When we were children and complained about the cold, our mothers often told us that the easiest way to stay warm in winter was to wear a hat and make sure our feet were warm. Since wearing a hat indoors wasn’t encouraged, (because we “wouldn’t feel the benefit when we went outdoors”) we quickly learned the importance of having something warm and fluffy on our feet in winter.
Sheepskin slippers and boots are the obvious choices to keep toes toasty warm at home. And as it turns out, people across the globe have been utilising this miracle material for centuries in outdoor use, too.
Did you know that archaeologists found a mummy in China dating from 500BC that was wearing a pair of sheepskin boots? This is considered to be the oldest known use of sheepskin being used to keep feet warm. It certainly predates Plato’s description of how people would wrap their feet in warm felt and sheepskin during hard winters.
Sheepskin boots have also historically been worn by the people of Tibet, Inuit people of the polar region, and Russian peasants. For Tibetans the styles would vary depending on who was wearing them; for example, female dancers would dye their footwear in many colours, while Tibetan horsemen would wear large boots with heavy sheepskin coats and trousers to keep them warm. The Inuit would oil their sheepskins in order to make them waterproof, while the Russians would line high boots with sheepskin to keep their feet warm.
All of these groups realised that sheepskin footwear was great for keeping them warm and cosy, while still feeling comfortable. And this tradition continued into the twentieth century. In the early days of both motoring and aviation, those at the helm of the vehicle found that they needed additional warmth. Motorcars were originally open-topped, while the earliest aeroplanes were often unpressurised and inadequately heated. Both motorists and aviators realised that they needed to keep warm during travel and their thoughts turned immediately to sheepskin. During World War I, thigh-high sheepskin boots became popular with members of the Royal Flying Corps (the precursor to the RAF) and were affectionately known as “fug boots”.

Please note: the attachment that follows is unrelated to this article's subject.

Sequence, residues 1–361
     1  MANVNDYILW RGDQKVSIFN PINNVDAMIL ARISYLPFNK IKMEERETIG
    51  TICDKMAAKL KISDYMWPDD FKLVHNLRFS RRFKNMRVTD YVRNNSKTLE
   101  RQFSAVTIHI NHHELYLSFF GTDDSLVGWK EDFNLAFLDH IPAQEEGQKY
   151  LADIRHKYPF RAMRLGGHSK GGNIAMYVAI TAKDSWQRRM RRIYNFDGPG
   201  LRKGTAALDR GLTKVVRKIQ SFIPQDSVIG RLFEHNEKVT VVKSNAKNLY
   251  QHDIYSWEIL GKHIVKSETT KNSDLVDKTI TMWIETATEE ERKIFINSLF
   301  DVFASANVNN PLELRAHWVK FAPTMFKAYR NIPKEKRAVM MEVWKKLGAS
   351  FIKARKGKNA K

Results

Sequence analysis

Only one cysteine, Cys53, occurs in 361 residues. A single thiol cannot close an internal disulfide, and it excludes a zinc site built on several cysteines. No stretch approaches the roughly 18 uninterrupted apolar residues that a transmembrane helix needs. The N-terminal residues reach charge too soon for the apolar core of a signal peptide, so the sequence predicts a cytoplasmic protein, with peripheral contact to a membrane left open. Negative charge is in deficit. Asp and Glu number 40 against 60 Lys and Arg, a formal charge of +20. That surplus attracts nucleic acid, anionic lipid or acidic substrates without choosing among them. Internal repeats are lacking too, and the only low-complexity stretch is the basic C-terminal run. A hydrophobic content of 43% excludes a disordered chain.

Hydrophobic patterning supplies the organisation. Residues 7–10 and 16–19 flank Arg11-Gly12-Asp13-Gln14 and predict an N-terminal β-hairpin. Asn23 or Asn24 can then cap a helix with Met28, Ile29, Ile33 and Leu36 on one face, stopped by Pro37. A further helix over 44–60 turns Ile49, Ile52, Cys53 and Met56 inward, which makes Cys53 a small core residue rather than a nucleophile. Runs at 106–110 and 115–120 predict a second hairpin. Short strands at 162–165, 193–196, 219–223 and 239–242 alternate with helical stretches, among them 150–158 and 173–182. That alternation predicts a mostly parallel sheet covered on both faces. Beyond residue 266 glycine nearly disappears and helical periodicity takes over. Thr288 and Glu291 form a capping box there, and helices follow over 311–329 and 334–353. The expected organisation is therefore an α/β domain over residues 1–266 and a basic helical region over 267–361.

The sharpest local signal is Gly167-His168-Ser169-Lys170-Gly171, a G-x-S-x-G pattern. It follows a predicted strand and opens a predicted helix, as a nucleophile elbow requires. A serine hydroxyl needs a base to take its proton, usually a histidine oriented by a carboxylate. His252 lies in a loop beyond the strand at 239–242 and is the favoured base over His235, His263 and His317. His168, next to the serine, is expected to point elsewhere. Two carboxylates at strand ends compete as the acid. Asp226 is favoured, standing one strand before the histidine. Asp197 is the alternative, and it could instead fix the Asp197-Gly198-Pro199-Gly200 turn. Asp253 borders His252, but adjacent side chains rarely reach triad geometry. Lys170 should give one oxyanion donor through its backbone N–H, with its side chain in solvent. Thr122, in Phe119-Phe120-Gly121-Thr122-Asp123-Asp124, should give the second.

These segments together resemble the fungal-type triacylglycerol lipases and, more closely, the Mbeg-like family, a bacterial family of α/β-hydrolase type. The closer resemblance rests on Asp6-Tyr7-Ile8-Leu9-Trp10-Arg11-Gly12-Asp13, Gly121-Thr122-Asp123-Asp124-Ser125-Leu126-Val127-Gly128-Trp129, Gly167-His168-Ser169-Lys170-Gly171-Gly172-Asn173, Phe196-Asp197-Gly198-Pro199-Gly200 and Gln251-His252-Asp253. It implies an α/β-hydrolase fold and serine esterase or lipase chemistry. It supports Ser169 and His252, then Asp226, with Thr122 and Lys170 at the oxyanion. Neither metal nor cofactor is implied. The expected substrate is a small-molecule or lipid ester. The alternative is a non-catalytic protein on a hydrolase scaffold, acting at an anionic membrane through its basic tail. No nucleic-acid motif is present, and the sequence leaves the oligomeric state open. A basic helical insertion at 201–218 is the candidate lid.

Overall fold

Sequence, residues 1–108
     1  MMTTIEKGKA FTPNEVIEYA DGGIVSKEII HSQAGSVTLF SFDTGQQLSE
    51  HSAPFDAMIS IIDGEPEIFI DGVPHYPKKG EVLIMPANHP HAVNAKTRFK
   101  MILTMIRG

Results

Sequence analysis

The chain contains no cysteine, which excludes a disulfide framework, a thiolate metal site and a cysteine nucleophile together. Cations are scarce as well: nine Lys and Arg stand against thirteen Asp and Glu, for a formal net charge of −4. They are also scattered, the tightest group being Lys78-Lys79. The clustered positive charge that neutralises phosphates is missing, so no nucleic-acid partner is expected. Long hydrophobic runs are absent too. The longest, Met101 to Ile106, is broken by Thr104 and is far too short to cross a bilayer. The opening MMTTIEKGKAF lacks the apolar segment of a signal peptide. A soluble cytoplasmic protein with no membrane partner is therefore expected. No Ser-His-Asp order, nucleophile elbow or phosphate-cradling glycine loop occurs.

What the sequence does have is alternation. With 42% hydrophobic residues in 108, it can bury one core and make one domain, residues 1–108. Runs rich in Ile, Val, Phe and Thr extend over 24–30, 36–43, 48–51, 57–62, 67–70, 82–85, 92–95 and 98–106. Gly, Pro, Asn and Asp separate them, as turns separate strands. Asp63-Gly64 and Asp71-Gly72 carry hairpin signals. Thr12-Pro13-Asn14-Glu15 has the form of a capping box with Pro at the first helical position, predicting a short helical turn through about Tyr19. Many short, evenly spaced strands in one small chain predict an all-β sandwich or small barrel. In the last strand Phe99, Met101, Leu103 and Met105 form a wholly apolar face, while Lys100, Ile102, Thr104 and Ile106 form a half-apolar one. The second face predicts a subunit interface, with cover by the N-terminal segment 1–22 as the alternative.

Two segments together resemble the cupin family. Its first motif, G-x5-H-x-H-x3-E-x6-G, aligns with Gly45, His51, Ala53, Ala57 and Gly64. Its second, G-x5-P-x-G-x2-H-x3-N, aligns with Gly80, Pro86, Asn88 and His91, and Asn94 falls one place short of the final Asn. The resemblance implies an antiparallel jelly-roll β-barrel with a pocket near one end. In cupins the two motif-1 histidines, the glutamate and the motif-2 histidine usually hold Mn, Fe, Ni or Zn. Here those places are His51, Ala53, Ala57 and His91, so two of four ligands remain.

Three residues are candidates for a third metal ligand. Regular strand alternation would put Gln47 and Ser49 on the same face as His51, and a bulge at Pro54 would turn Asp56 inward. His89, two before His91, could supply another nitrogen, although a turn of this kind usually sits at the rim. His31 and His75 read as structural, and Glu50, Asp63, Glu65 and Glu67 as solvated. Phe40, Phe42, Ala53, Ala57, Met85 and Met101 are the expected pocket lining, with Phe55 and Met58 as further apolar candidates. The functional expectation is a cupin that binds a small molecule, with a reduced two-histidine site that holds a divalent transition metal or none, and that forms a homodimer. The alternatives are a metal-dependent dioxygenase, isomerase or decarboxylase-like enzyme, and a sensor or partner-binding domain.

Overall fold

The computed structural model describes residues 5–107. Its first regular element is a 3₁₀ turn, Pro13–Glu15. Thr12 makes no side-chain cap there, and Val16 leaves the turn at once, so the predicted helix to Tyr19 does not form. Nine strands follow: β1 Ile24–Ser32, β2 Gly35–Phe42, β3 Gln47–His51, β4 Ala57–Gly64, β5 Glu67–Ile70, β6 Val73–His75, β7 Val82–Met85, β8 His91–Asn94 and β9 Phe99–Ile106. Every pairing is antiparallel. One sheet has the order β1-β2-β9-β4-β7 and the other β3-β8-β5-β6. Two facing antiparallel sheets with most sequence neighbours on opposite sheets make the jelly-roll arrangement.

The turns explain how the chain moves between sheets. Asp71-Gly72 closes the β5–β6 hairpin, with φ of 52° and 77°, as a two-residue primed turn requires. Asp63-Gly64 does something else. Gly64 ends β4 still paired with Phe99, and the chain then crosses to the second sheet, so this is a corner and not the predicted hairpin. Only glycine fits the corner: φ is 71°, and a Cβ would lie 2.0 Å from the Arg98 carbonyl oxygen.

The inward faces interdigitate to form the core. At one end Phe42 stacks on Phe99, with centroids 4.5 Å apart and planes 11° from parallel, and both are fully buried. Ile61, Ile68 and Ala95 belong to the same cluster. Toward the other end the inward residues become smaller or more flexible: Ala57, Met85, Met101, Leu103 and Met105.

Sheepskin boots and footwear also have a place in the history of extreme sports. When Sir Edmund Hillary and his team climbed Mount Everest in 1953, they used sheepskin boots to warm their feet while resting, helping to conserve their energy for the arduous task and ensure their success. In recent years, sheepskin footwear became popular with surfers who found that this was the perfect way to warm their feet after a hard session surfing in winter seas.
Sheepskin footwear has a long and proud tradition of keeping people warm and while the kind of sheepskin used has varied, generation upon generation are still discovering its benefits. With sheepskin footwear now made from merino, they are also discovering just how soft and comfy as well as insulating this historic material can be.
It just proves that our mums were repeating what history has proved all along; keep your feet warm and you won’t notice the cold.